McKinsey state that the e-commerce economy in Africa will rise from $8billion in 2014 to $75 billion in 2025.
So let’s get into our discussion on how we can rise to the challenge to urgently boost e-commerce skills in Africa?
With all this opportunity ahead, and so many digital native youngsters, we must have the right e-commerce skills and know-how to actually make this happen to put one of the key e-commerce building blocks in place.
What can we all do to put the right support in place to take advantage of the digital revolution and give African citizens and businesses a digital livelihood?
They will answer questions on how best we can develop e-commerce skills in Africa.
So let’s start with Kehinde:
What special skills are needed to fully participate in e-commerce?
And do you think that traditional learning models and skills are still relevant in the digital era?
How can SMEs be best prepared and coached to building the skills they need to flourish?
How do we build and nurture partnerships to achieve economies of scale in skills development?
What are some of the new learning models to consider?
What is the experience of national technology hubs and accelerators?
And M Saibou:
What role is there for learning organisations like yours to build skills needed for e-commerce development?
What are the main challenges and how are you addressing them.
QUESTIONS FROM THE FLOOR
Let’s broaden the discussion.
Mr Samatar Abdi – Centre de Technologie et de l’Innovation pour the Developpement in Djibouti
We’ve reached the end of our time for our panel on e-commerce skills today.
1. E-commerce is a very new industry in Africa
2. Skills is the foundation of e-commerce – from kids to pensioners and all from business and governments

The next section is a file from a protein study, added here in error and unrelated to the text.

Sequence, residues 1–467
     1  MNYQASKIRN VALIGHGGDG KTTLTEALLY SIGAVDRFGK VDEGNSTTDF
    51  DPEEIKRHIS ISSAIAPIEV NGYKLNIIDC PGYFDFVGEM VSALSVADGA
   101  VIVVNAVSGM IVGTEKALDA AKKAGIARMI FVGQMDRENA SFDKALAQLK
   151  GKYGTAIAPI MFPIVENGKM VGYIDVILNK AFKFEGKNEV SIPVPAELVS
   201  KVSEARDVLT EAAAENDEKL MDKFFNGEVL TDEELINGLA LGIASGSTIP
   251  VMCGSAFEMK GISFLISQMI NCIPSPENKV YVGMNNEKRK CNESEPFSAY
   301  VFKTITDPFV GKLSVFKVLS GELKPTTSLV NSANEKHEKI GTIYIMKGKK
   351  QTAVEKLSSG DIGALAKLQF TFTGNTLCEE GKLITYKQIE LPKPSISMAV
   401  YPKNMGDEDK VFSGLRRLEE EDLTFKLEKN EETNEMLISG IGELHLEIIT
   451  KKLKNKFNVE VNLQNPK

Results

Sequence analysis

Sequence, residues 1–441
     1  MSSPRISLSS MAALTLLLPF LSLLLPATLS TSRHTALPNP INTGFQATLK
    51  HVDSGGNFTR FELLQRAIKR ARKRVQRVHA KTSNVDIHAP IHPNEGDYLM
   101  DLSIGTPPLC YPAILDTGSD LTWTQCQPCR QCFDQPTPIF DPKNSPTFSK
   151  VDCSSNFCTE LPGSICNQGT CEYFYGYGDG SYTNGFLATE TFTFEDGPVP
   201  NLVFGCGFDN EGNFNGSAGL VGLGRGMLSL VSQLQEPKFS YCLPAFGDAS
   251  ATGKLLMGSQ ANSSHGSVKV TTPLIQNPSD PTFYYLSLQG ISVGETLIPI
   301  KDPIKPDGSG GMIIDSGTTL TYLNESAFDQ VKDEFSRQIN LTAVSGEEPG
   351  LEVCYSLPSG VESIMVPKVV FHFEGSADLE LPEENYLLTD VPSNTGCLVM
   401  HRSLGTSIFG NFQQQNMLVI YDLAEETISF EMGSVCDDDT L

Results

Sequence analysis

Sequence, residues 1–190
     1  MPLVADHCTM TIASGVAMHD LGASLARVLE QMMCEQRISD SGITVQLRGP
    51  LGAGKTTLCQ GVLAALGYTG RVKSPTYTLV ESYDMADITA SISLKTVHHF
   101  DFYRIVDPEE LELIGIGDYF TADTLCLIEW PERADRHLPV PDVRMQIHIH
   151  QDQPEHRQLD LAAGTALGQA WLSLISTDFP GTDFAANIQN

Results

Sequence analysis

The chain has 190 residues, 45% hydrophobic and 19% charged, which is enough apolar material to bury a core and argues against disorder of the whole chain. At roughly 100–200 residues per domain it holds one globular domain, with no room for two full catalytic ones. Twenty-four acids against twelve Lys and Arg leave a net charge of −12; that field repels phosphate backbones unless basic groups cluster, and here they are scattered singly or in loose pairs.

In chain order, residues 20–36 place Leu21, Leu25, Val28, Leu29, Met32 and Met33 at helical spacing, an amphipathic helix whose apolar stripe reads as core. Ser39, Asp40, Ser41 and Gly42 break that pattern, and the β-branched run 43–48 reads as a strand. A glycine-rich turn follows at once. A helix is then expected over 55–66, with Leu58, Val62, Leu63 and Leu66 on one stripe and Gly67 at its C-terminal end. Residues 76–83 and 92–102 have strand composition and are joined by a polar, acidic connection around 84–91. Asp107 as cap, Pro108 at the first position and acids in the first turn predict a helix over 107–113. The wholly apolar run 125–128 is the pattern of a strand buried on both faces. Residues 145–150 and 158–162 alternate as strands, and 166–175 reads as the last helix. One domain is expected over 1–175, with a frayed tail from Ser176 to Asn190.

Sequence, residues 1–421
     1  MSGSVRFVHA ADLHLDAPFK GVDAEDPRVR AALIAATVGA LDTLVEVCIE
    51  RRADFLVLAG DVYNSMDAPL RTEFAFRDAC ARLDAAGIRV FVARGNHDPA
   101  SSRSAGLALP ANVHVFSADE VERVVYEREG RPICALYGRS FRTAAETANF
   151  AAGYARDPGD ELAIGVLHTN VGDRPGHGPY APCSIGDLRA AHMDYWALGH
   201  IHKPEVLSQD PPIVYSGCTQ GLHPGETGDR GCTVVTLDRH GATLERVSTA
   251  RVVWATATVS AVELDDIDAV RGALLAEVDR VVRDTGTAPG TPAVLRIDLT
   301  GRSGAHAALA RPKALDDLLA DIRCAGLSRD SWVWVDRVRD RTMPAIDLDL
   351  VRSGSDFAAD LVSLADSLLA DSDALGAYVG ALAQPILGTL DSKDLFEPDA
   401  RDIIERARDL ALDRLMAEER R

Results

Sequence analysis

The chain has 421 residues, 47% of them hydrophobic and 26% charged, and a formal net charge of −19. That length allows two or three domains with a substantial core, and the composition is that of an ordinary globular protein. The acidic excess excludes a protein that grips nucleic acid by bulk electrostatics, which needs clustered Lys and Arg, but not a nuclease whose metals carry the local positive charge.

3. E-commerce skills must encompass more than just ICT or even digital marketing skills, as it takes much more to run an effective e-commerce business
4. E-commerce skills extend from softer communication, language and cultural skills, through enterpreneurial and business skills to coding and programming technical skills
5. We need to consider more than just B2C e-commerce (selling products to consumers) and broaden skills development out to B2B, and make sure we consider services and digital products too
6. The African education system needs to undergo a massive regeneration and be bought into the 21 century
7. We need to remember that there are loads of e-commerce resources and videos available for free on the internet and individuals and business must take responsibility too – the focus should be on learning, not education – ‘e-commerce starts at home’!
8. Much progress can be achieved on the e-commerce front when partnerships work together – from academic organisations, through private enterprise and government for example.
The organisers are going to pull together all these ideas into an action plan to develop e-commerce skills in Africa and feed them into the e-commerce strategy for Africa.
If you have any questions for our panel, we will be around to take individual questions.
Thank you very much to all our great panellists and questions from the floor.
Thanks for your time and have a great day.
Speech delivered at the African Union E-commerce Conference, Nairobi, 24 July 2018
Skills development for the promotion of e-commerce